Sure, you could flick on an old western to get your kicks. Or you could drive central Alberta’s Boomtown Trail. Wander through towns that don’t look so different than they did 100 years ago when the railway came through. The only difference? Slightly fewer handlebar mustaches. ● Quirky sights: Besides the Boomtown architecture (think fancy frontages on simple buildings), keep an eye out for the World’s Largest Oil Lamp, lots of regional museums and even a chance to go skydiving. ● Pitch a tent: Camp your way along the Boomtown Trail, pioneer style. Stay at rustic Buffalo Lake or near Dry Island Buffalo Jump Provincial Park, a historical hunting ground of Canada's Indigenous peoples.
Before leaving Edmonton spend some time discovering the city’s rich history. Hop on a beautifully restored vintage streetcar for a scenic tour that crosses over the High Level Bridge, above the North Saskatchewan River. Then, step back in time at Fort Edmonton Park – a huge living history park in the Edmonton River Valley. Discover an authentic 1919 steam train, fur trading post and 1920s midway. A visit to the outdoor Alberta Railway Museum is a must for all train fans. Stroll through the long carriages of a CN passenger train, investigate fascinating railway memorabilia and even take a ride on the rails.
From Edmonton, head south on Hwy 21 through New Sarepta, then east on Hwy 13 to Camrose. Discover local heritage at the Camrose Railway Museum and Park, with a guided or self-guided tour of the original 1911 CN Railway depot. Then visit the Camrose & District Centennial Museum to wander through historic buildings, like a pioneer log house circa 1898 and a church from 1908. You’ll also find replicas that depict some of Camrose’s’ original boomtown architecture, including its fire hall, newspaper office and blacksmith shop. The town is home to Alberta’s first playhouse as well, so be sure to check out the Bailey Theatre, which opened in 1911.
Continue east on Hwy 13, then south on Hwy 56. Take a side trip east on Hwy 53 to the town of Donalda. Look for the world’s largest lamp at a whopping height of 12 m (42 ft). Steps away, at the Donalda & District Museum, you’ll find historic Métis and regional artefacts and a collection of more than 900 lamps – the largest in North America!
Back on Hwy 56, drive south to Stettler and visit the Town and Country Museum to tour 26 historical buildings, including a schoolhouse, post office and church, featuring pioneer furniture and artefacts. Pick up a brochure at the town office and do the self-guided Downtown Historical Walking Tour. If you have the time, take a vintage train ride with Alberta Prairie Railway. The five to six hour trip, through Central Alberta’s big sky country, features exciting on board entertainment, historic tales and a full course buffet meal in Big Valley before heading back.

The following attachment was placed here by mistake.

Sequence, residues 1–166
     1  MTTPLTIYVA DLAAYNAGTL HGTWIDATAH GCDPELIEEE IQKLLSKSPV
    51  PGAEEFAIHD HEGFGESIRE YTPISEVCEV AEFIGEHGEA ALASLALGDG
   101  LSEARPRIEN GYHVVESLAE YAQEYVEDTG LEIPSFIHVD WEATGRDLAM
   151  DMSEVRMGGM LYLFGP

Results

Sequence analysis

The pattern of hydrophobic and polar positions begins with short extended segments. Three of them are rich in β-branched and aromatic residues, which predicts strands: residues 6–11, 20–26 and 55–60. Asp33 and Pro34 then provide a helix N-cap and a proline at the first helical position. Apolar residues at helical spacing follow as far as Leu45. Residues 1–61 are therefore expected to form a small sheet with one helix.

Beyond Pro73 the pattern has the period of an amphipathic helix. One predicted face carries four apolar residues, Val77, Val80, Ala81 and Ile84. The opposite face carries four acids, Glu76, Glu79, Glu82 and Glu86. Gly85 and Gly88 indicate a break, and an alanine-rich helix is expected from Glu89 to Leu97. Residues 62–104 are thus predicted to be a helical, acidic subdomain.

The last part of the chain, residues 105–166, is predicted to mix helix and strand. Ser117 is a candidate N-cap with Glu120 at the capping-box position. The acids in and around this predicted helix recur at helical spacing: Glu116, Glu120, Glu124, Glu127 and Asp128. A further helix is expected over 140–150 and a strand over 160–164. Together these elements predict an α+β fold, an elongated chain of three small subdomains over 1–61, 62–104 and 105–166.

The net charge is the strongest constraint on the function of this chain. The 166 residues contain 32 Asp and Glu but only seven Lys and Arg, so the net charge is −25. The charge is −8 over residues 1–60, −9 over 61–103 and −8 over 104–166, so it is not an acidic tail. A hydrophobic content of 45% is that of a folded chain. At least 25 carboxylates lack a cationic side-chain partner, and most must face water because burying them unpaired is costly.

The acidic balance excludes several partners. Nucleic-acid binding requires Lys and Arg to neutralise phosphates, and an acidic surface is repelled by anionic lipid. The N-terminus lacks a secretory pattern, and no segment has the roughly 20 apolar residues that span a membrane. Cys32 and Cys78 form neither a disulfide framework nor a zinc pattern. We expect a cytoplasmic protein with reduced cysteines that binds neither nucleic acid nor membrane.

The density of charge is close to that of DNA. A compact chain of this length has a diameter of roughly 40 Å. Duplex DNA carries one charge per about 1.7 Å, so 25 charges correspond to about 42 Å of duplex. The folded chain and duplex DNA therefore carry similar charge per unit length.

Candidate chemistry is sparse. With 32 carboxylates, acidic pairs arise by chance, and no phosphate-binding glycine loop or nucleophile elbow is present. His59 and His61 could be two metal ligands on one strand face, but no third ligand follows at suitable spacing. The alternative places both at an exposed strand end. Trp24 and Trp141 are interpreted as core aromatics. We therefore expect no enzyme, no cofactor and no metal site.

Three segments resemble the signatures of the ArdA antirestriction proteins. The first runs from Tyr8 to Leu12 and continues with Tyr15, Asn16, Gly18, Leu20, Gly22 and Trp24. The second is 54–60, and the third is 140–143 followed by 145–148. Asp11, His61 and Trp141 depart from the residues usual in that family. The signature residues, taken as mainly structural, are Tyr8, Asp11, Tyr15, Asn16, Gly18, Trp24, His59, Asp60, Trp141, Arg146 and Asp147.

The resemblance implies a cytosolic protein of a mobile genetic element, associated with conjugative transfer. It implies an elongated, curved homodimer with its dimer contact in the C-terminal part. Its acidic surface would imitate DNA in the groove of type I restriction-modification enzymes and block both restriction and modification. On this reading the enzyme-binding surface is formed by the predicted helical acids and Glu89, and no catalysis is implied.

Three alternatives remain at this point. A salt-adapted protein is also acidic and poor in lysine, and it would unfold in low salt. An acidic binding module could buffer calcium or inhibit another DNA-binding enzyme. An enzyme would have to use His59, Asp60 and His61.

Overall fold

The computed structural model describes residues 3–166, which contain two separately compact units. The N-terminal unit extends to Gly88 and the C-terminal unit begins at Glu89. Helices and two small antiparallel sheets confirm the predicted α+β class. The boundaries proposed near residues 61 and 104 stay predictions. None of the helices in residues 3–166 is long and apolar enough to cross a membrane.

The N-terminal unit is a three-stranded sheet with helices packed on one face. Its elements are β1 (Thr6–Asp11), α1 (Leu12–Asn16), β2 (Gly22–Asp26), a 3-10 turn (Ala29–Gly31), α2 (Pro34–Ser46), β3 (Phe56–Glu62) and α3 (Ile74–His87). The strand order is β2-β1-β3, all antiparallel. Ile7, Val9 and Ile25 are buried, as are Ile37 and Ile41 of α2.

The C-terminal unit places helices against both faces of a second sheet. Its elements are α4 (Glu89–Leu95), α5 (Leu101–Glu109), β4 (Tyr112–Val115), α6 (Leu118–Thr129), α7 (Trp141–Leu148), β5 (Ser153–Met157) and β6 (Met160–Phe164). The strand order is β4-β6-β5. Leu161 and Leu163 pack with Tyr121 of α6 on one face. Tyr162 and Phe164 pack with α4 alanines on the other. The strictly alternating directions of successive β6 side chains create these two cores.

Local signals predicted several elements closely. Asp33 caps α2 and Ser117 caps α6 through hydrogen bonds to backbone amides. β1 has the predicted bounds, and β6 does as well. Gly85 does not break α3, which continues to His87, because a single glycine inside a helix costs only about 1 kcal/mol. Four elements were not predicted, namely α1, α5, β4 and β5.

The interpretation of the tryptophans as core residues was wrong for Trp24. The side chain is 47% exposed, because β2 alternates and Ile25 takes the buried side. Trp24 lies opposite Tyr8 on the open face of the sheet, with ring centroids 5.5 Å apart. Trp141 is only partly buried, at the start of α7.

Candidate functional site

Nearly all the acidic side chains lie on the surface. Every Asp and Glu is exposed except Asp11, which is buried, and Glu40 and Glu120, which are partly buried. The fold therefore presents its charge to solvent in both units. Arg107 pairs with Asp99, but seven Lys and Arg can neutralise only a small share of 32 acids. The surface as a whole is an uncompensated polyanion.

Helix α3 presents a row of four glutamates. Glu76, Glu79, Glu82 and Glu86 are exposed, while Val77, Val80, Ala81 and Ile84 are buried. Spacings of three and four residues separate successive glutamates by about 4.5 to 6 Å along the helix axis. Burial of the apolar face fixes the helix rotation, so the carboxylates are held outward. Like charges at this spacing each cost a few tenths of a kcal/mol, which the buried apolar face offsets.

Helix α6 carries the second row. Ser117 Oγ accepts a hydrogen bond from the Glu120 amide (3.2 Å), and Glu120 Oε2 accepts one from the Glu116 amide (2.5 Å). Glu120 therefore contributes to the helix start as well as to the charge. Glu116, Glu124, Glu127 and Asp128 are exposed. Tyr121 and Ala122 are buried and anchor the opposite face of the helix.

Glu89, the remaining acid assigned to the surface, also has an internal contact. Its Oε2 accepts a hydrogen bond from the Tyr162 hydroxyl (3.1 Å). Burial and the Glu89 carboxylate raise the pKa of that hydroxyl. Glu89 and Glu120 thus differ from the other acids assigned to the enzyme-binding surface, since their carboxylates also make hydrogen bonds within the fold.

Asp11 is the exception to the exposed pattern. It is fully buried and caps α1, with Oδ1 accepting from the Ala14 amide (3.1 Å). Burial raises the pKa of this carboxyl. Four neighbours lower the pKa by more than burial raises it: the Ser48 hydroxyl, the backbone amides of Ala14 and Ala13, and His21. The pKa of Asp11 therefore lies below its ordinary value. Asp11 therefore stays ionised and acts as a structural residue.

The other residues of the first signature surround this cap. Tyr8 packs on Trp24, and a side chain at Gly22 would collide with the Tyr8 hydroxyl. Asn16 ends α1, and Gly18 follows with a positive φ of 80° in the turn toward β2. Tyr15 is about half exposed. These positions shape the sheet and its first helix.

From Stettler, go west on Hwy 12 to Erskine, then north on Hwy 835 to Rochon Sands Provincial Park. Swim in the warm waters of Buffalo Lake and have a picnic on the sandy beach. It’s also great location for bird watching and you may even spot some of the elk, moose or deer that roam the area.
Back on Hwy 12, head southwest on Hwy 21 to Delburne. A must-see is the Anthony Henday Museum, which features a CN train station, caboose, railway water tower, replica pioneer cabin and one-room school, throughout its four floors of exhibits.
Continue south to the town of Trochu and learn about the first French settlers at the Trochu and District Museum. Be sure to stop by the Golf and Country Club to see the world’s largest golf tee – an impressive 12 m (40 ft) tall roadside attraction. If you have the inclination, take a detour east on Hwy 585 to Dry Island Buffalo Jump Provincial Park, one of Alberta’s best kept secrets.
Drive on towards Strathmore and then head west on the Trans-Canada (Hwy 1) to Calgary. Explore the National Historic Site of Fort Calgary to learn about the Royal Canadian Mounted Police and the impact the railway had on city. Then visit Heritage Park – the country’ largest living history museum – to experience how Western Canada’s evolved, with streets and buildings portraying life from the 1860s to the 1950s.